Blackley’s investigation of traders, artists, and their subjects reveals a remarkable biculturalism among Pākehā in this world and a worldly sophistication of Māori subjects, often nameless in titles of the works, who rather than brooding elders in decaying pā, were frequently influential, well-travelled, sophisticated citizens of the world. He notes these subjects felt Pākehā artists belonged to them, upending preconceived ideas of relationships between artists and these subjects.

On the other hand, Blackley observes biculturalism allowed traders to use their knowledge of Māori lore and custom to manipulate Pākehā purchasers and Māori suppliers of objects. Similarly, public figures we imagine as honourably representing the Crown, after receiving hugely significant gifts with due solemnity, did not hesitate to dip into the profitable side business of trading taonga that had been gifted with the expectation they be returned in like form.

While the period’s ongoing transfer of Māori land is not his focus, Blackley provides interesting links between the whittling away of Māori land and Māori art. Māori attending land courts were inspired to contract portraits as they passed strategically placed galleries. Pākehā legal representatives with knowledge of te reo and tikanga represented claimants and claimed healthy commissions, later funnelling them into the profitable patronage of Māori art or trade in Māori gifts.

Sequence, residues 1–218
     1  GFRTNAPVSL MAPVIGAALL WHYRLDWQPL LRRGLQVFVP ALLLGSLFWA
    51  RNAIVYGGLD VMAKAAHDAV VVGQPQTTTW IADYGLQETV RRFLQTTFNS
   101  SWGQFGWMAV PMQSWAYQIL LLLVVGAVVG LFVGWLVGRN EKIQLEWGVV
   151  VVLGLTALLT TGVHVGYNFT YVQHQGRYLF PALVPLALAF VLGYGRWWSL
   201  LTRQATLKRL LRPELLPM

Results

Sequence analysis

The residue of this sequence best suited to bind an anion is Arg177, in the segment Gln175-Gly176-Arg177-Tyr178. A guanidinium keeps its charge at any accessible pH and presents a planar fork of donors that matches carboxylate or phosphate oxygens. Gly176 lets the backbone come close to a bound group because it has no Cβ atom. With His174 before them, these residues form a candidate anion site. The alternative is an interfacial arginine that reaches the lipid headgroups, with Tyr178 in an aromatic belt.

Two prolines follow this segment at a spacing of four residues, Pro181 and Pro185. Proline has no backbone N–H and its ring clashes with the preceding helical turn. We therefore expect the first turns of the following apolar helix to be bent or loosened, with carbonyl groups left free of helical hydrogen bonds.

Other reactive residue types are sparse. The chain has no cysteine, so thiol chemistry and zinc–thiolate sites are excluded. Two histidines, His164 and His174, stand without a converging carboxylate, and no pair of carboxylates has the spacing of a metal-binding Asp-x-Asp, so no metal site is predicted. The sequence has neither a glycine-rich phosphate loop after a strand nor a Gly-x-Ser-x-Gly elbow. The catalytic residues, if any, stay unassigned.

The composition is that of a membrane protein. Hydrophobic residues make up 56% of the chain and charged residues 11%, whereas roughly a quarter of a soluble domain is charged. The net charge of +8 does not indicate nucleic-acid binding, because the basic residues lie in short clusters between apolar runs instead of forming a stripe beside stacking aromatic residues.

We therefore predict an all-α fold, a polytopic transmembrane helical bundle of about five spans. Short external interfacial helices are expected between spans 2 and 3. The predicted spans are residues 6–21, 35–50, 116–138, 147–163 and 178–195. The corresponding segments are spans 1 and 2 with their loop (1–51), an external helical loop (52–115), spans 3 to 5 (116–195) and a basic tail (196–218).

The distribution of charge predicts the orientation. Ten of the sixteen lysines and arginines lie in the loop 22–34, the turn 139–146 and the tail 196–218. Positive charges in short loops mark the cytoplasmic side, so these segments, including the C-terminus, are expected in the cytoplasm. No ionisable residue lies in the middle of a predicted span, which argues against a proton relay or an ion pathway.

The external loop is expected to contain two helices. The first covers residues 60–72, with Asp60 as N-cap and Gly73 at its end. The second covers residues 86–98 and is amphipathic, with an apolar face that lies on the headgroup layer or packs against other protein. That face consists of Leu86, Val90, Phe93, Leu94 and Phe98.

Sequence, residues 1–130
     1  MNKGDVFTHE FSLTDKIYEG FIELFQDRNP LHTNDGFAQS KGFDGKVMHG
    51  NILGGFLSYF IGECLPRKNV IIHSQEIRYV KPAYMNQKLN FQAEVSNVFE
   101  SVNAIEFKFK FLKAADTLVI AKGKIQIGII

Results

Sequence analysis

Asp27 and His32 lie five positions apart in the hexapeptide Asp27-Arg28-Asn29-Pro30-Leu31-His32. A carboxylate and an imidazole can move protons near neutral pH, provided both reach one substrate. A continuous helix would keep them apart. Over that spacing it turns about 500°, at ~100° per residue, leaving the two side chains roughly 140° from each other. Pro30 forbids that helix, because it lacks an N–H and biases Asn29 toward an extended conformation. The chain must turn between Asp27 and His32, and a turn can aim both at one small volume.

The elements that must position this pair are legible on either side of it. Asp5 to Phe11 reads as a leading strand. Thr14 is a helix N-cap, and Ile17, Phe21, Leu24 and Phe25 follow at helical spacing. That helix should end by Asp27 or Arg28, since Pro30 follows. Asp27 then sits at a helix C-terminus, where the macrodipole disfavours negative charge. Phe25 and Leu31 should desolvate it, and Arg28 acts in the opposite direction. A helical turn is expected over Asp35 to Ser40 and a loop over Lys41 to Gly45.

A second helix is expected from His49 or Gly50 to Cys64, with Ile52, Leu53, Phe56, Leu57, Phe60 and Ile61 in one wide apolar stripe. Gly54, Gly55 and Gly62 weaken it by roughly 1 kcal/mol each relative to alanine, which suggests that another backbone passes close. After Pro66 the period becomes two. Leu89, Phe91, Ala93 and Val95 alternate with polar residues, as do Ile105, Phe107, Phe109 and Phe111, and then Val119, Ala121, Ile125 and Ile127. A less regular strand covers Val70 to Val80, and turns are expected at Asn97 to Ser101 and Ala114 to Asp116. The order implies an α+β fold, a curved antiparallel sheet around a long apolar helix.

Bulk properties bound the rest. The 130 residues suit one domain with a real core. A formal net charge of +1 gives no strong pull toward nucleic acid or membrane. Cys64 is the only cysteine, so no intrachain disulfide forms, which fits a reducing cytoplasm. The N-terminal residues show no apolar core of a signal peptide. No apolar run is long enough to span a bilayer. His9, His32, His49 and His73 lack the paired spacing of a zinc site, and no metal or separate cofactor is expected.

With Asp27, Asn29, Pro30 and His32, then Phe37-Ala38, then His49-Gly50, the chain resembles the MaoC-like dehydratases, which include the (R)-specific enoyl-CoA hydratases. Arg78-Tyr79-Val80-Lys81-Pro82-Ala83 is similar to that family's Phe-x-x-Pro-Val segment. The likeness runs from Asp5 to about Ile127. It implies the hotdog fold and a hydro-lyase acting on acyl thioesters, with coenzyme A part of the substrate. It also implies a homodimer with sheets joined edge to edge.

While the book provides examples how the colonial gaze could crush innovations in Māori art that challenged the narrative about what Māori art should look like, it also provides counter examples of the fruit this fertile cross-cultural environment could produce.

In one example, idyllic visions of how Māori lived in pre-European kāinga were cobbled together to create a performative culture for visitors, the inhabited model pā. Although these did not prosper like other manifestations of Maoriland, they were surprisingly empowering for Māori, who took ownership of this idealised past, reclaiming it to fortify and revive their tikanga. We also learn how it was a Pākehā artist that brought to life a symbolically rich new flag for the Māori King – the embodiment of aspirations for Māori self-determination.